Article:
Continuing, Sheen delves into the many defects within the Communistic philosophy. He shows contradictions and illogical statements. He notes that the greatest obstacle to Communism is the Catholic Church which has opposed it since its beginning. For Sheen, the greatest defect of Communism is death. He writes that “Death is the great unsolved problem of communism, because despite all the dictatorial attempts to absorb men into the collectivity, the final breath individualizes and personalizes and individuates.” Life may destroy a man’s personality by force but in the end “each man will have to learn for himself that narrow is the gate and strait the way to Eternal Life and few there are who enter therein.” Sheen then offers a compendium of excerpts from various works by Marx, Stalin, Lenin, Molotov, and other Communist manuals as a summary of their beliefs.

Having surveyed the philosophy and beliefs of Communism, Sheen offers four ways in which nations and people can combat it. The first is politics. Sheen suggests that politicians who are elected should be chosen not because of their political stance but based on their personal moral worth. He famously writes “A nation always gets the politicians it deserves. When our moral standards are different, our legislation will be different. As long as the decent people refuse to believe that morality must manifest itself in every sphere of human activity, including the political, they will not meet the challenge of Marxism.”

A second way to meet Communism is through economics. Sheen’s solution is thoroughly Catholic. He notes the divide between labor and ownership and suggests that there could be a “worker-ownership of stock and industry” so that the workers “share in the profits, management, or ownership of the industry.” Most of Sheen’s views regarding this mode of combating Communism come from Pope Pius XI’s Encyclical Quadragesimo Anno, “On Reconstruction of the Social Order,” published in 1931.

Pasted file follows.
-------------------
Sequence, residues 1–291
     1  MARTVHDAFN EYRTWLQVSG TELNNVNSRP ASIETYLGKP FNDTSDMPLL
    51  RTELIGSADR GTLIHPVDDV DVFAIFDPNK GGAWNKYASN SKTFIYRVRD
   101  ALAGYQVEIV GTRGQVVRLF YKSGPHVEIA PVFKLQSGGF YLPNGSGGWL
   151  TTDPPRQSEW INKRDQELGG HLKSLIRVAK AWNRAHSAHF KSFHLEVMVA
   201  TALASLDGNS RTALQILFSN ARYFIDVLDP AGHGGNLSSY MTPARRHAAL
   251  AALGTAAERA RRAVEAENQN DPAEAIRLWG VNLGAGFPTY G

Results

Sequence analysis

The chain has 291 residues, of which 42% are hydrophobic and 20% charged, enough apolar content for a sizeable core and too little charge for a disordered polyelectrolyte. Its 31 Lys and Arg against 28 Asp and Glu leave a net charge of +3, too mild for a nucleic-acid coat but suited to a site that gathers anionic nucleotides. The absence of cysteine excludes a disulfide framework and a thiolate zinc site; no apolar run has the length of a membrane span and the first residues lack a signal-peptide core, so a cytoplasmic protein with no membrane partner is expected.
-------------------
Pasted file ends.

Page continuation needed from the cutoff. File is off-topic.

A third way to combat Communism is morality. Sheen suggests that chaplains from the major religions of Catholicism, Protestantism, and Judaism be appointed to all types of industry. Sheen says that Communism naturally divides people and that “The value of chaplains in industry would be the organization of men on a non-competitive or spiritual basis.”

A fourth way is education. Sheen suggests that in order to combat the lies and myths of Communism, people (children and adults) should be well-informed regarding the subjects of history, philosophy, human nature, and especially religion. By doing this, people would be well prepared to meet and overcome Communism.

For Sheen, the family is the basic unit of society, and if the family can be saved then so can society. Communism in Russia at first directly opposed the family. It began by allowing abortion, divorce, etc. At the time, these laws in Russia were soon changed due to the swift decrease in the population. He says that the Soviets “see that the disintegration of the family is the disintegration of the nation.” Sheen notes that America was (and still is) following this disastrous path by allowing divorce, abortions, etc. Ultimately, Sheen calls for the protection and upbuilding of the family in order to save Russia, America, and indeed the world.

Sheen recognizes that the Communists are very impassioned people. Their passion, however, is misguided. He then recognizes that modern Christians have the truth but no zeal. He suggests that if the passion of revolution were directed toward God the Communists would come to the truth. He likens the Communists and the world to St. Peter when he was walking on the Sea of Galilee toward Christ and began to sink (see Mathew 14:22-33): “We are sinking because like Peter we have concentrated our whole attention upon the winds of public opinion, upon the currents of indifference, upon the military, economic, and political opposition from this quarter or from that. We are sinking for the same reason that Peter sank: We have taken our eyes off the Master.” 

Joseph Tuttle is the author of An Hour With Archbishop Fulton J. Sheen (Liguori, 2021) and a contributing author and editor of Tolkien and Faith: Essays on Christian Truth in Middle Earth (Voyage Comics, 2021).